Malaysian Company Law

2420 Words Oct 2nd, 2014 10 Pages
Part A
Potential Liability
Since the House of Lords decision in Salomon v Salomon & Co Ltd, it has been recognised that an inflexible application of the concepts of separate entity and limited liability will imply that can lead to undesirable consequences. Under certain occasionally, the court will go behind the corporate veil. In refer to cases of Yap Sing Hock v Public Prosecutor where the Supreme Court Peh Swee Chin SCJ would suggest the veil to be lifted by statutes, e.g. the Companies Act 1965 itself for certain specific purposes. The lifting of veil clearly constitute there a violation of the primary principle but this has come to be treated correctly as an exception to the primary principle. There are two situation where Act has
…show more content…
These directors should be persons of calibre, credibility and have the necessary skills and experiences to bring an independent judgement to bear on the issues of company strategy, performance and allocation of funds. Assuming Ali and Sunny reluctance to undertake or second guess business decisions especially struggling in a competitive market. This would caught them under Section 304(1) where the directors knowing that the financial affairs of the company is bad, but still carrying on business with the intention to deceive the creditors, therefore the court would held Ali and Sunny personally liable for the debts.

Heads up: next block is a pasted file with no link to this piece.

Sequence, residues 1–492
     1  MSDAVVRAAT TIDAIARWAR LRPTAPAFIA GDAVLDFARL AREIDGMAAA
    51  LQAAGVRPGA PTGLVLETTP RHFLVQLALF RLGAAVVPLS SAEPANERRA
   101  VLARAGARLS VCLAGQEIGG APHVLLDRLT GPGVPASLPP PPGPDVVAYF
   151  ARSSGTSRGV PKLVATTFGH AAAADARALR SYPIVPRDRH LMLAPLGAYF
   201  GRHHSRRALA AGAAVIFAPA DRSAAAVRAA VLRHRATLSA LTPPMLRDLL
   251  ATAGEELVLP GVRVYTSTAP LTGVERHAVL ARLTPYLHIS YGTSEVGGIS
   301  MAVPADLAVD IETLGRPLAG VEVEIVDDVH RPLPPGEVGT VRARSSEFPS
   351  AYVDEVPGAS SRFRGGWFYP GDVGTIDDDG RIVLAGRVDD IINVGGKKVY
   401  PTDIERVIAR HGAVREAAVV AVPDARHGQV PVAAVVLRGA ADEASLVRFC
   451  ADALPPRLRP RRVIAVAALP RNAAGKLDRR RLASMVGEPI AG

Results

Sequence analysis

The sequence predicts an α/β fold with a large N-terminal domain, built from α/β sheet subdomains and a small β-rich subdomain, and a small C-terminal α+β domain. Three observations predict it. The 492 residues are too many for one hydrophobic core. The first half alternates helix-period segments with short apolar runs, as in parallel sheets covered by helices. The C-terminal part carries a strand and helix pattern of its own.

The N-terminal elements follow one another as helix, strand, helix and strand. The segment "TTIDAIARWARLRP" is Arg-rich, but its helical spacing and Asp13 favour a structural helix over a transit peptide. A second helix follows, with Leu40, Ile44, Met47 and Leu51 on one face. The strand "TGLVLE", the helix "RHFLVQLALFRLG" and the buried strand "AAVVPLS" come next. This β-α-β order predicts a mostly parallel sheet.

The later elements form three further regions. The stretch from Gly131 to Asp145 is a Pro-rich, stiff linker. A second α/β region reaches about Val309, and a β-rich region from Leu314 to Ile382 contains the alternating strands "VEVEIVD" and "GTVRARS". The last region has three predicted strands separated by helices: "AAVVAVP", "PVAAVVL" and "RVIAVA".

Furthermore, the potential liability would be the seductive logic. It is describe as a possibility where the transition from fraudulent trading to the new duty of insolvent trading. According to Ramsay (2000), Director is likely to lie his chances to secure the capital injection where his skill and judgement is at the table are probably suspect as well. The court could lift the corporate veil in the circumstances as there was an element of fraud involved in the receipt of the secret profit. Cases such as Aspatra Sdn Bhd v Bank Bumiputra Malaysia Bhd. For example, the director would be making own bet on the next roll hoping that the capital injection would save his job. For example, if directors wind up the

More about Malaysian Company Law